After we completed the paperwork, we talked for a bit more about flying and things that I wanted to make sure I understood from his feedback.  I learned that I rely in pictures a lot, yet when I had one available during the partial panel but with GPS working, I didn't use it.  I should have as it would have helped a lot.  The examiner did not say that, but it just hit me as I sit here processing this experience. 

After taking a bit of time to relax, eat a cookie, and stretch, I filed my first IFR flight plan back to DuPage.  Would you believe that I held altitude within 50 feet again?  Flew through a very small cloud (I don't think 10 seconds is really enough to qualify as "actual" instrument time), but I enjoyed the fact that I could. 

Then... the dreaded ATIS.  How does 250 at 22 gusting 31 sound to you?  Did I mention the runways are 20R, 20L, and 28?  I checked Foreflight for what I already suspected - 20R and 20L despite being the wider runways were past the crosswind component for the Arrow.  Sigh. 

Descent was fun - I had about a 35 knot tailwind component, and hit 175kts groundspeed on 140 IAS.  That was not even to yellow line.

As I approached the airport, the wind check was 240 with the same speeds.  Seeing that things were the same and above my comfort level anyway, I figured I'd take 20R as it's wide and nice and long.  Just as I was flaring, the wind picked up and blew me left enough that I could no longer touch down without bending the airplane.  Go around, which was sliding all over the place as I had to stay in ground effect to speed up.  When I was comfortable again, I called the tower and said "898 is doing a dosie doe and a go around."  The controller gave a new wind check and asked if I wanted 28.  The winds were now favoring that, so I requested it.  Let's just say that I am not at all unhappy with a less-than-gentle touchdown that was on center line.  My instructor for my private told me more than once that sometimes the winds are such that a squeaker is not a very constructive goal. 

"Good job, 898."  What a way to end the day. 

Here is my flight track back to DuPage from Fight Aware... cleared route was interesting.

Monday, July 8, 2013

Initial Thoughts on Asiana 214

I am getting increasingly annoyed with the coverage of the Asiana 214 crash in San Fransisco.  Every pilot I know - including myself - would want the benefit of the full findings of the investigation before being beaten and bruised in the media.  On one level, I understand that there is an interest to know what happened.  However, the media is trying to wrap this up before covering the next Obama family vacation and cannot wait the long time that the NTSB will take. 

Instead, we are going to talk about the "inexperience" of the pilots [if they were clear, it is relative inexperience in type - but at least the captain was a very experienced pilot], there is the focus on the alleged lack of safety in a "visual approach" [completely absurd - EVERY pilot first learns how to make visual approaches, and may later learn instrument approaches.  All airline pilots are instrument rated], talking about the problem with a nose-up landing attitude [if you didn't put the nose up, the nose gear would touch down first and damage the plane... and it might make the landing VERY eventful], and even a language barrier [FAA and JAA requirements state that one must be proficient in English to conduct international flights - at least those coming or going from the United States - I listened to the tapes, and while accented the English seemed fine].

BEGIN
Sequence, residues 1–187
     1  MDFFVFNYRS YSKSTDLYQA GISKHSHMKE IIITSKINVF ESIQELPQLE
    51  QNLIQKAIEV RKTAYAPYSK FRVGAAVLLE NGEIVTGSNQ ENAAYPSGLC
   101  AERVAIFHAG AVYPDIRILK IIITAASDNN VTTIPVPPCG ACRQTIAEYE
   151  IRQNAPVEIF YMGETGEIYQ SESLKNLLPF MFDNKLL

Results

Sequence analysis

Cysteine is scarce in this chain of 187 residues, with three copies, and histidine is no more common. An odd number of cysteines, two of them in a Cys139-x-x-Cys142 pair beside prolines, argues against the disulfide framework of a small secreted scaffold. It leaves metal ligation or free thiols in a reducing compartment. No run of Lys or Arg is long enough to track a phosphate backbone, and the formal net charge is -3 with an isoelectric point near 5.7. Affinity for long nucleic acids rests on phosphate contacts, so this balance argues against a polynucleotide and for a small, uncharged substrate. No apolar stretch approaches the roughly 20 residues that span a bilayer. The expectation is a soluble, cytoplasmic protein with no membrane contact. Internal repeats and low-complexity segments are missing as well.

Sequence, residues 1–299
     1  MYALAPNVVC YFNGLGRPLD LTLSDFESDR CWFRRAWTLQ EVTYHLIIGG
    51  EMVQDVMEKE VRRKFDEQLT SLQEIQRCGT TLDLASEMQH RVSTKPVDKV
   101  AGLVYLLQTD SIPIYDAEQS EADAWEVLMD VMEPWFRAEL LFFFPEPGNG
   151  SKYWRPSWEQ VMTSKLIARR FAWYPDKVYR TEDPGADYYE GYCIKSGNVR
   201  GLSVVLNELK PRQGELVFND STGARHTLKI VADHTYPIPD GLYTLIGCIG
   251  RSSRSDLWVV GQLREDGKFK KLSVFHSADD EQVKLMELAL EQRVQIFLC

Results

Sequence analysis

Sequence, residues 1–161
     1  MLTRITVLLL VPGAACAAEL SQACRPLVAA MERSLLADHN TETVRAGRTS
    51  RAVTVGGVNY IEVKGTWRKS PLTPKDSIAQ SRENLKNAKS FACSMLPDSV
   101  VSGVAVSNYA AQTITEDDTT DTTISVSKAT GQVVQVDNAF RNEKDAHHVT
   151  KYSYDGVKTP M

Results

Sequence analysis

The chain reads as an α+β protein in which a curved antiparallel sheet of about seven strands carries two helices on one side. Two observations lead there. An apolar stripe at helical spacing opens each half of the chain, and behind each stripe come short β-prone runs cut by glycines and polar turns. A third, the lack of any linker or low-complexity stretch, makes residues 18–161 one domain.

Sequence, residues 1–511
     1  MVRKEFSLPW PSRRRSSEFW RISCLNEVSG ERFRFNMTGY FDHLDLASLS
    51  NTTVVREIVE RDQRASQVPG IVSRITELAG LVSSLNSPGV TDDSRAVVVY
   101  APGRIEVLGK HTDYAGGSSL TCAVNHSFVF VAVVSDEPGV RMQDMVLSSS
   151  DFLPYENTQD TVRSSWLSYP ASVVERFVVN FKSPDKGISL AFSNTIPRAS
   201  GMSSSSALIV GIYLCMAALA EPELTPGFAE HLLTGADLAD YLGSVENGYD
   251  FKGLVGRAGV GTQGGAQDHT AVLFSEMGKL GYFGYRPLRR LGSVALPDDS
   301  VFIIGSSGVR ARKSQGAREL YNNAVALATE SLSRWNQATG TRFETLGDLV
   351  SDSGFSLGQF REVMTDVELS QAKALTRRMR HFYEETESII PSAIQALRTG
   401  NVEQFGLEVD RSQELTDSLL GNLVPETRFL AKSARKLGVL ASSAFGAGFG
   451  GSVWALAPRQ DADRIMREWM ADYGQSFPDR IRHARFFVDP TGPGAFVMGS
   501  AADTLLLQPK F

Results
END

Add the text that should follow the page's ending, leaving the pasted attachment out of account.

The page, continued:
What is actually known at this point is that the the plane struck the ocean barrier short of the runway touch down zone, and that it was the tail plane that hit first.  This means that the aircraft was not in a "landing attitude" but something more pitched up than this.  There is also apparently some information from the flight data recorders suggesting that the aircraft was well below the speed at which it was supposed to cross the runway threshold (Vref).  I have seen reports that the aircraft "stalled," meaning that the wings stopped producing sufficient lift to sustain flight.  While pilot error is certainly a possibility (and perhaps if we were gambling the one I would bet on), there are also some other potential explanations for what went wrong.  We should wait to rule them out. 

One thing that has not gotten much discussion that I would be interesting in learning more about is the "human factors" or the psychology of what has gone wrong.  This flight was about 10 hours, which is a long time to be flying an aircraft.  It will be interesting to learn more about what their days were like prior to getting into the cockpit.  I'm not passing judgment, but it is well known that the human systems aspects of flying contribute to incidents and accidents.  This is why from early in training we are taught to look at ourselves with the "I'M SAFE" checklist - Illness, Medications, Stress, Alcohol and other drugs, Fatigue, and Eating.

But all of these things interact with the mission and the aircraft.  Being a little tired from getting up early and hungry from not eating because you're going to your favorite $100 pancake breakfast at a familiar airport may require a different go/no go decision than if you're flying to an unfamiliar airport in a relatively new to you aircraft all while in hard-IFR.  As my DPE for my private ticket said in our conversation about these things, "it's difficult and not really desirable to have hard and fast rules, but rather than you've asked yourself if you're really up for this flight."